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Tilehurst Surgery Partnership Good


Review carried out on 7 October 2021

During a monthly review of our data

We carried out a review of the data available to us about Tilehurst Surgery Partnership on 7 October 2021. We have not found evidence that we need to carry out an inspection or reassess our rating at this stage.

This could change at any time if we receive new information. We will continue to monitor data about this service.

If you have concerns about Tilehurst Surgery Partnership, you can give feedback on this service.

Review carried out on 20 September 2019

During an annual regulatory review

We reviewed the information available to us about Tilehurst Surgery Partnership on 20 September 2019. We did not find evidence of significant changes to the quality of service being provided since the last inspection. As a result, we decided not to inspect the surgery at this time. We will continue to monitor this information about this service throughout the year and may inspect the surgery when we see evidence of potential changes.

Inspection carried out on 7 March 2018

During a routine inspection

Letter from the Chief Inspector of General Practice

This practice is rated as Good overall.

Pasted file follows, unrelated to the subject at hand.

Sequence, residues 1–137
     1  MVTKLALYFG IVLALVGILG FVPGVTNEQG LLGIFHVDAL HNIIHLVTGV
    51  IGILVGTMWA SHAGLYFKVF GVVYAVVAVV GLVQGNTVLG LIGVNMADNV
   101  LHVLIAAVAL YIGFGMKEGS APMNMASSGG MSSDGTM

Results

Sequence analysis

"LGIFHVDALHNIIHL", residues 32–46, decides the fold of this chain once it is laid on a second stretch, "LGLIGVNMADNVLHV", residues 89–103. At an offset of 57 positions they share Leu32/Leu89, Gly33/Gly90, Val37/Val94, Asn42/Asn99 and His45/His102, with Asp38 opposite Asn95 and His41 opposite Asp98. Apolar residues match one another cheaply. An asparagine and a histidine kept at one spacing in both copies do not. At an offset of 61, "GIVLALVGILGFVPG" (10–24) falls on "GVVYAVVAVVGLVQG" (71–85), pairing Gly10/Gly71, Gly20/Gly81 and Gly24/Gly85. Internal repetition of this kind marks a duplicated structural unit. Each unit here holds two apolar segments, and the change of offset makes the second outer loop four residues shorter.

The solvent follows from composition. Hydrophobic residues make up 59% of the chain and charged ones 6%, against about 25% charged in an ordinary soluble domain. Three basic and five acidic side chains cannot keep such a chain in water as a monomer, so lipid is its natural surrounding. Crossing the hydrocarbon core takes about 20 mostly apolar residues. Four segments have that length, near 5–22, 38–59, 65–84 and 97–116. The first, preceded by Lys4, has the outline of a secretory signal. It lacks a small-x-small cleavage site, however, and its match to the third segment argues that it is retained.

At our previous inspection in November 2014 the practice had an overall rating as good.

The key questions are rated as:

Are services safe? – Good

Are services effective? – Good

Are services caring? – Good

Are services responsive? – Good

Are services well-led? - Good

As part of our inspection process, we also look at the quality of care for specific population groups. The population groups were rated as:

  • Older People – Good

  • People with long-term conditions – Good

  • Families, children and young people – Good

  • Working age people (including those recently retired and students) – Good

  • People whose circumstances may make them vulnerable – Good

  • People experiencing poor mental health (including people with dementia) – Good

We carried out an announced comprehensive inspection at Tilehurst Surgery in Reading, Berkshire on 7th March 2018. We carried out this inspection under Section 60 of the Health and Social Care Act 2008 as part of our regulatory functions. This inspection was planned to check whether Tilehurst Surgery was meeting the legal requirements and regulations associated with the Health and Social Care Act 2008.

At this inspection we found:

  • The practice had clear systems to manage risk so that safety incidents were less likely to happen.
  • When incidents did happen, the practice learned from them and improved their processes.
  • The practice fully engaged with programmes developed in the local area to support patients' health and wellbeing in a number of different ways.
  • The practice routinely reviewed the effectiveness and appropriateness of the care it provided. It ensured that care and treatment was delivered according to evidence-based guidelines.
  • Staff involved and treated patients with compassion, kindness, dignity and respect. The practice was above average for its satisfaction scores on consultations with GPs and nurses in a number of areas.